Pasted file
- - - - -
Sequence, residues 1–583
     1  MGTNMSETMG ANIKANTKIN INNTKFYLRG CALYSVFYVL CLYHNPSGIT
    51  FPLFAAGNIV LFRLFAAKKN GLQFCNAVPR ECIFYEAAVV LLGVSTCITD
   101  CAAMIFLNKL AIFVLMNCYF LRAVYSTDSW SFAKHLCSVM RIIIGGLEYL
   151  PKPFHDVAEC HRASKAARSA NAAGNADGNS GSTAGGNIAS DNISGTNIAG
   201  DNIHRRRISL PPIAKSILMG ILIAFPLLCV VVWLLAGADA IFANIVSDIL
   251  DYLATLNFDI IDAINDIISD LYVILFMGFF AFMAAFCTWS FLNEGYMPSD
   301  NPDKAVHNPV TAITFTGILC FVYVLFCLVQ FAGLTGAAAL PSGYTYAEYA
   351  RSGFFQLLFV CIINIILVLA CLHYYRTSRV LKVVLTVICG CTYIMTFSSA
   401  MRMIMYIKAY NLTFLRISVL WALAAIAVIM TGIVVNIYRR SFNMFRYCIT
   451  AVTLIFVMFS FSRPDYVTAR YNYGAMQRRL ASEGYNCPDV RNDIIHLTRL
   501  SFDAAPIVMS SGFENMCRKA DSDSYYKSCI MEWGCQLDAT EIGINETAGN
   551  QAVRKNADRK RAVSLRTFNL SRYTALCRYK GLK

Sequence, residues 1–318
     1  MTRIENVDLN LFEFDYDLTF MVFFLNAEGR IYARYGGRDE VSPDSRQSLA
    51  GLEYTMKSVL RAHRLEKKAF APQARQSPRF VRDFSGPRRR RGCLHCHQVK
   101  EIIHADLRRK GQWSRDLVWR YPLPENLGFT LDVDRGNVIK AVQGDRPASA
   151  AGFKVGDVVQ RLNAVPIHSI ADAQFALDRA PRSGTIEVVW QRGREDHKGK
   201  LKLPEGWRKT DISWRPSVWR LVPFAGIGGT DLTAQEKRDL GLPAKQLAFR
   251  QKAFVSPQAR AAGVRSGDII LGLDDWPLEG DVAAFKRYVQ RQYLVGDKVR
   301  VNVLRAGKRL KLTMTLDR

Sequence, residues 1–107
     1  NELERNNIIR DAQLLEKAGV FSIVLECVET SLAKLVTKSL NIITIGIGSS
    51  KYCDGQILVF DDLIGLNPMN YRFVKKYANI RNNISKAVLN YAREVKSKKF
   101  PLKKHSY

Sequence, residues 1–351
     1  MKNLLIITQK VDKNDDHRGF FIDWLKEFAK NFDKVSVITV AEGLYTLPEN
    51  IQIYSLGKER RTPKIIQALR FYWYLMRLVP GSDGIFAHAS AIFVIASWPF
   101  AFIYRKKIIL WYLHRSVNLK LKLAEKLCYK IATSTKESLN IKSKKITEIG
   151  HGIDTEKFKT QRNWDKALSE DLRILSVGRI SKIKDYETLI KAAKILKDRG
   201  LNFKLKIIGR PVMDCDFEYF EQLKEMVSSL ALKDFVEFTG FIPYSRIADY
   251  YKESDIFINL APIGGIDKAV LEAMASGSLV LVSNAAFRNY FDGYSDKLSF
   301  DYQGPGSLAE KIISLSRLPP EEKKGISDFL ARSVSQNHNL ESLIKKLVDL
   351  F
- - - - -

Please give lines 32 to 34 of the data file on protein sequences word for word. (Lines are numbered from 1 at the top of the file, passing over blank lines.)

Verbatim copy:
   251  YKESDIFINL APIGGIDKAV LEAMASGSLV LVSNAAFRNY FDGYSDKLSF
   301  DYQGPGSLAE KIISLSRLPP EEKKGISDFL ARSVSQNHNL ESLIKKLVDL
   351  F